Then forget about website pages and think social media, and forget about database tables and think Pods. From a user perspective the site may look identical to Facebook, but the social media page is actually a link between the various items of data contained in the different Pods. You may be able to view everything on a single computer screen, but the individual pieces of data are in different Pods. Only my data is in my Pod.

Finally, think of this forum. Many different users all commenting from many computers or phones, but the comments all appear on one screen and are hosted by a single server. In a Solid use it would look exactly the same on screen, but your comments would be stored in your Pod (and hosted on whatever server suits your use, home server or commercial server) and my comments would be stored in my Pod (which I could also host anywhere),

Solid (Social Linked Data) does not need a central server. It can be used by millions of people using millions of different servers, rather than millions of people using a single company’s (Facebook) server.


#35

I understand everything you say. What I don’t follow is any reasonable performance expectation if everyone’s comments are stored separately, in your examples. Some apps (eg. twitter) won’t be impacted so much, some (e.g. a new facebook) will grind to a halt without indexing across so many individual Pods. Surely I’m not missing anything?

Fetching a single facebook page will become a monster of a job dependent on every Pod involved. It can be done, but do you see that the Pod data organization will make it very slow and prone to breaking?


#36

The other thing worth noting is that of course someone can copy and paste something I have made public, but there is no general access to data I only show to family and friends.

At present, whatever my settings, Facebook can sell any of the data on their servers. They can even sell their whole company. Using Solid, if I mark something as private to friends and family then friends and family are the only people who have access to my Pod.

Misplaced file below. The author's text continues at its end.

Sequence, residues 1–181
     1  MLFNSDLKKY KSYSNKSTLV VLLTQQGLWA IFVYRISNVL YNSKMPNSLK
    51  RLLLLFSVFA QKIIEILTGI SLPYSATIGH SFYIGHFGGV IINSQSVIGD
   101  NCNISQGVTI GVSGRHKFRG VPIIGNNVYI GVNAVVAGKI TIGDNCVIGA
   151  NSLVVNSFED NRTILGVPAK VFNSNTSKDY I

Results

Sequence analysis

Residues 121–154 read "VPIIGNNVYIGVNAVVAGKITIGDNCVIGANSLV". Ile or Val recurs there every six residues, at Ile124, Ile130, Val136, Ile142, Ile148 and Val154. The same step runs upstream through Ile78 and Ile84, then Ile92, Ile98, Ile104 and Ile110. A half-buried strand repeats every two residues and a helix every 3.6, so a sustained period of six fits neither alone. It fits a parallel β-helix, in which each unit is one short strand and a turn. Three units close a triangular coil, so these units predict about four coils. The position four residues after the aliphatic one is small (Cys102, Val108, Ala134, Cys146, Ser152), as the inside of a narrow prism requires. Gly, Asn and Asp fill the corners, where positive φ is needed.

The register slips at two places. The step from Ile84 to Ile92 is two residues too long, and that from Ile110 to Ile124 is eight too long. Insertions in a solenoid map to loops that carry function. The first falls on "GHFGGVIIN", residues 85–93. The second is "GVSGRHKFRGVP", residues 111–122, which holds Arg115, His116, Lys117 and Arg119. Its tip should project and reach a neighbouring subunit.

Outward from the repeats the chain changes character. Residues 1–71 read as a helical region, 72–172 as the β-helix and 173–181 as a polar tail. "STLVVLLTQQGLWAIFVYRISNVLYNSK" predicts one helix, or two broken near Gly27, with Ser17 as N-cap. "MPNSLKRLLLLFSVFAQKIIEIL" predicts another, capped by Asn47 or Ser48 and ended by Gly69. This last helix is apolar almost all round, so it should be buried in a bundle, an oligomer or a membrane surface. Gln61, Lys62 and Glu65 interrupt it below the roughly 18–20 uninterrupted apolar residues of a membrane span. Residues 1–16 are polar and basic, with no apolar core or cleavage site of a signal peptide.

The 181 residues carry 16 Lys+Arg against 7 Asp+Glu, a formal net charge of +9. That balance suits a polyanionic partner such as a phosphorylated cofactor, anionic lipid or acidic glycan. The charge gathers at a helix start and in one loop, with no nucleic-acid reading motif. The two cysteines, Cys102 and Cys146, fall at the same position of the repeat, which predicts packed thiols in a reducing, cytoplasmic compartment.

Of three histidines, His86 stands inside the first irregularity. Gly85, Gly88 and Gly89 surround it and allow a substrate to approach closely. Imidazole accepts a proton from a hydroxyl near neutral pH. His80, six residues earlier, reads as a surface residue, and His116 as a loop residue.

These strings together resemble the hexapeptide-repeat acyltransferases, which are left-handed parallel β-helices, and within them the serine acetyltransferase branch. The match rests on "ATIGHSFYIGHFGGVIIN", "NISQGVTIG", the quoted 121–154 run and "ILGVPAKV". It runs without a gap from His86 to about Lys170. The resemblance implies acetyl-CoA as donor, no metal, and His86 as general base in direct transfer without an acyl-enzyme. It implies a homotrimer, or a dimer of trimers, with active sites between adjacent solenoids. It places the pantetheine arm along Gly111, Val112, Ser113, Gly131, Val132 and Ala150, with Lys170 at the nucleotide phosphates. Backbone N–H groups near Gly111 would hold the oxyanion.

So there is only a little more security of data I mark as public, but complete control of data I mark as private.

Hackers would need to hack the many Solid servers of every individual user to get the same info that they can get now from a single hack of a facebook server.


#37

I’m not comparing Solid to today’s facebook, I’m comparing to a data coop owned by users.

True, even for a data coop. However much of this same complexity that puts off hackers would also put off honest coders having to accommodate so many different Pods instead of a single data service.


#38

There are not millions of comments on a single Facebook page. There are actually very few.

I am currently watching a smart tv over the internet, streaming films like millions of other people do every day on their phones.

Times are changing, and Solid is a completely new concept.

The argument about bandwidth was being made about tv not so long ago.

Every time you do a search of Google, Google provides links to millions of pages. And millions of people do Google searches every minute. The difference is that you only click on one of those links at a time.

Some people will need a commercial server for Solid, but I don’t anticipate I will be one of them.


#39

Honest coders of a solid app only need to make the app available (free or paid). Every protocol for the app means it could be used on all Pods.

Think phone apps. The person designing the app does not have to install it on every phone, only to make it available to every phone.


#40

The computational complexity of the underlying data stores will remain the same, and gets worse the more layers you add. Pulling unindexed comments from a dozen different stores with different rules will be that much slower, and prone to that much more breaking. If this is not intuitive, can you figure out what I’m missing?

Consider YouTube comments, where there are often hundreds of contributors on a page. If everybody has their own Pod, the browser will have to hit hundreds of Pods. Any incompatibility, any server down, will create an exception to be coded around and managed. How likely is that to perform poorly, and/or break? Personally, I expect it is very likely. Do you not? The same holds for any page shared by nontrivial groups.

@happybeing points out that the answer might be a hybrid of data coop and individual Pods. He also points out the greater concern that none of these ideas has a viable business model yet.